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Model Year 1825

Fall 1986 | Volume 2 |  Issue 2

The question “Where did it all start?” is always an irresistible, if slippery, one in matters of technology, and the more important and visible an invention, the greater the fascination in finding its origin or earliest use. In the case of the ever visible automobile, the argument can be made that it was an obscure Kentuckian, Dr. Joseph Buchanan, who, in the mid-1820s, built and drove the first in the United States. The case becomes more debatable the closer one looks, but it also becomes more interesting.

Throughout a relatively short life—he was born in 1785 and died in 1829—Buchanan epitomized the frontier intellectual, the jack-of-all-mental-trades, as much by inclination as from necessity. As an undersized, gifted, and combative child, he quickly absorbed all the learning available to him in frontier Kentucky. He qualified as a physician by studying medicine with a local practitioner. In his spare time Buchanan tinkered with a musical instrument that was to produce harmonies of color as well as sound in what he called “the music of light.” While in his twenties he served with distinction on the medical faculty of Kentucky’s new Transylvania University. He wrote a lengthy treatise on the mind-body problem, The Philosophy of Human Nature (1812), a materialist attack on the idea of the soul. In his final years he made his living as an editor, and he gave abuse as freely as he received it, supporting Kentucky’s Henry Clay against another frontier hero, Andrew Jackson.

That the doctor has, for all his gifts, slipped into obscurity is perhaps his own fault. He embodied the frontier spirit at its best and worst. Disdaining those who came before him, he was “so fond of originality,” a Kentucky historian wrote, “that he would not even condescend to write on any subject on which he had ever read anything.”

It is typical of the man that his most solid achievement came from the ruin of a grander project. In the early 1820s Buchanan produced an improved, lightweight “capillary steam engine” and immediately envisioned its use as the means to power a flying machine. Lacking funds, the doctor appealed to his fellow citizens for financial backing. He described a strange and wonderful future, when, weather permitting, “the citizens of Washington may attend dinner parties in Boston, and return home the same evening … and our merchants may visit Europe, transact their business and return home in a week.” Friendly editors reprinted the appeal. One predicted that “we shall soon see the carriages flying in every direction over our heads with the rapidity of eagles, cleaving the air.” Farther east another editor proposed that a few hundred of these “aerial vessels” be armored and sent to the aid of the Greek people, then fighting for their independence from Turkey.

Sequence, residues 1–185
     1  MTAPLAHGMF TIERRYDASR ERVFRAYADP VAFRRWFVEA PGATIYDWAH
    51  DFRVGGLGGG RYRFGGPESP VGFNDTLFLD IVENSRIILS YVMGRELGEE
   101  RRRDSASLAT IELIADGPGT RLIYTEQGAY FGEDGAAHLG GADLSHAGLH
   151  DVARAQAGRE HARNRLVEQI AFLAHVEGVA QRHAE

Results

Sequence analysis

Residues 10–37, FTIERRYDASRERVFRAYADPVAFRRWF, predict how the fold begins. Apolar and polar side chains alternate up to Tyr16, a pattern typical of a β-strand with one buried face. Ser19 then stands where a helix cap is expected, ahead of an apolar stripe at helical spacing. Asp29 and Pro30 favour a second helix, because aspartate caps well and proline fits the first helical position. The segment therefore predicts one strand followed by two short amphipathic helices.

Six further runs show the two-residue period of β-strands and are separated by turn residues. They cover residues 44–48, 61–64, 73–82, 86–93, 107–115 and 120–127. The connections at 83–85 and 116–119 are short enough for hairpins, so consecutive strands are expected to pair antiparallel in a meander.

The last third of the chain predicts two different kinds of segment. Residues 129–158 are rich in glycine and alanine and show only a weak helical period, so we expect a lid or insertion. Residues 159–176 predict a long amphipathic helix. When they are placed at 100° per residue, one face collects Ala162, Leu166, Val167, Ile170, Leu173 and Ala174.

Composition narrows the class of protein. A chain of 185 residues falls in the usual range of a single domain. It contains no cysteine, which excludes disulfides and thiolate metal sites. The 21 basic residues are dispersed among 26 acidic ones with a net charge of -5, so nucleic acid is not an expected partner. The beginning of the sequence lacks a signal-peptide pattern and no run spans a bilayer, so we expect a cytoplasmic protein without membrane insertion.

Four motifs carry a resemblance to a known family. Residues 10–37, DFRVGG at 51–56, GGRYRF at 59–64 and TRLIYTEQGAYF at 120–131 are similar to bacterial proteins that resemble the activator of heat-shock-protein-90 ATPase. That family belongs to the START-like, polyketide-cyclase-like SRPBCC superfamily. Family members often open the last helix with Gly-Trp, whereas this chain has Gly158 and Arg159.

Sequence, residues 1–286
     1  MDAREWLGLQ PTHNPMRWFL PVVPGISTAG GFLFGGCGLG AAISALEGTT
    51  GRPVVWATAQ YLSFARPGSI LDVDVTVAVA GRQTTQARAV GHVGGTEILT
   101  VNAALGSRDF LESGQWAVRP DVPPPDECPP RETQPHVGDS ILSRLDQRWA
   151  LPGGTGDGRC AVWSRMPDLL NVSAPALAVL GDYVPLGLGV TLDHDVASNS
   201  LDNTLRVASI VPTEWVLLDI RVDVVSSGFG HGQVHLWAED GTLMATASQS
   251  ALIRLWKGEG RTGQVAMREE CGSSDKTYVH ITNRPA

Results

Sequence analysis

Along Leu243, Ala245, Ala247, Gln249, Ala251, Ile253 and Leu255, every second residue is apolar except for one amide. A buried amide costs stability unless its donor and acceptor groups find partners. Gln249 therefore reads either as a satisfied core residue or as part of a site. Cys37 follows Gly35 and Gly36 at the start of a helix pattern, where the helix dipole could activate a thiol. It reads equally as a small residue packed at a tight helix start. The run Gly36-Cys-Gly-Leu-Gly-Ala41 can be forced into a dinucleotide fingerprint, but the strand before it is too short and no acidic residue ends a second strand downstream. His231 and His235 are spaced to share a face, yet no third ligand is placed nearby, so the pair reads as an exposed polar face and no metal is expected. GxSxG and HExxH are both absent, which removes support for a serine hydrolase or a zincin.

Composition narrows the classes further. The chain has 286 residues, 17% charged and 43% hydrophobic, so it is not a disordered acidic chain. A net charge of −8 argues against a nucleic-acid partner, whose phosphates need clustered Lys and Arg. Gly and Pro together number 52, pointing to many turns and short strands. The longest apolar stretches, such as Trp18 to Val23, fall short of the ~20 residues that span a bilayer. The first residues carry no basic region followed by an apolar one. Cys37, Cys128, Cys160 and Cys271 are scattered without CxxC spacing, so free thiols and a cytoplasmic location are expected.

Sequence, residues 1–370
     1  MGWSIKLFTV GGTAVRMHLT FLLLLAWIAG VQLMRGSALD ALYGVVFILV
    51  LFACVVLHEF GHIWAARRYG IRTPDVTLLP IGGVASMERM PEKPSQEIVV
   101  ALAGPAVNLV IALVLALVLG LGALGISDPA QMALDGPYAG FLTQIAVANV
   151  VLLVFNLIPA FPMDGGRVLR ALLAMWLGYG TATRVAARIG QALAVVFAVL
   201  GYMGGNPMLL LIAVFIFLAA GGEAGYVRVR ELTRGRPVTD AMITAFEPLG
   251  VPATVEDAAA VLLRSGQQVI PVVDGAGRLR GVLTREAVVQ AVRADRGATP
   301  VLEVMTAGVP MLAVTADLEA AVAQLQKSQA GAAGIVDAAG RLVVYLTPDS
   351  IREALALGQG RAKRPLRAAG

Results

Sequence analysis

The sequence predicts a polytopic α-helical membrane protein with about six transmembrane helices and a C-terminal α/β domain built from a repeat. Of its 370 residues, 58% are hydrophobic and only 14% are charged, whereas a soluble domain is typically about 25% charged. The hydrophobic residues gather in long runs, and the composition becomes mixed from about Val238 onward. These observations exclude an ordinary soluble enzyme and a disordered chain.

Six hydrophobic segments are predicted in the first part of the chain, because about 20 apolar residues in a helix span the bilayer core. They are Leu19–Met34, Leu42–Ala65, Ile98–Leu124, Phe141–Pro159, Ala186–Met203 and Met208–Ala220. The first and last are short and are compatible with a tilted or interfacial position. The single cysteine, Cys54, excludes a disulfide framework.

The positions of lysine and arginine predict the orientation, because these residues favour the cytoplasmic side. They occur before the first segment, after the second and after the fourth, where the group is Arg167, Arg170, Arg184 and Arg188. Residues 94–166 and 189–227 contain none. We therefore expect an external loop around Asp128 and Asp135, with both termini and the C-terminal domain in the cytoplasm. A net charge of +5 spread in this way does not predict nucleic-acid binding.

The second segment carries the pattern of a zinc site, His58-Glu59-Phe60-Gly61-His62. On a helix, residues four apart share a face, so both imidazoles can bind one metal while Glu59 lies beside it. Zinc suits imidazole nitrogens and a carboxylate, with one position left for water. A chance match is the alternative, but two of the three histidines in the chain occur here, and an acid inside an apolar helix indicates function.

Yet problems both technical and financial soon dragged Buchanan’s imagination back to earth. Surrendering the hope of aerial flight, he turned to the construction of a “steam carriage,” a wheeled vehicle driven by his lightweight engine. Early in 1825 the scheme met with success. The carriage, on a public trial, performed “beyond the most sanguine expectation of its ingenious inventor.” With his engine Buchanan propelled a “waggon” some three or four miles through the streets of Louisville “in the presence of an astonished throng of spectators.”

And there the story ends. Decades later the engine and the steam-driven carriage would still be remembered in Kentucky as “among the wonders of the day.” Having made his point, though, Buchanan went on to other things; and even the histories that follow American inventors down the same dead-end road of steam propulsion often leave out this early ride.

But if the episode is to be restored to the histories, what should they say about it? It is easy to deny any real connection between the steam carriage and the modern automobile. One can argue that the internal-combustion engine is the car’s true ancestor and dismiss all the steam carriages of the nineteenth century—dangerous, unwieldy, and impractical—as extinct fossils in the family tree of inventions.

Rejecting this attitude still does not guarantee pioneer status to the Kentuckian, even in the United States. By 1825, certainly, the invention and building of steam carriages was a common pastime in England. As for the New World, a case can also be made for the priority of the Philadelphia engineer Oliver Evans. In 1805 he built a steam dredge for use on the Schuylkill River, but to prove the point he first had the newly built craft driven, under its own power, through the streets from the workshop to the waterfront. Was it really an automobile? Nor is it difficult to suppose that some earlier Yankee mechanic more obscure than Buchanan may have built a working steam carriage and driven it down the road to historical oblivion. So the categories of the record book dissolve, but the inventor himself remains, undamaged, and so does some of the excitement of his audience, who as early as 1825 caught a fleeting if distorted glimpse of the everyday life of the future.

We hope you enjoyed this essay.

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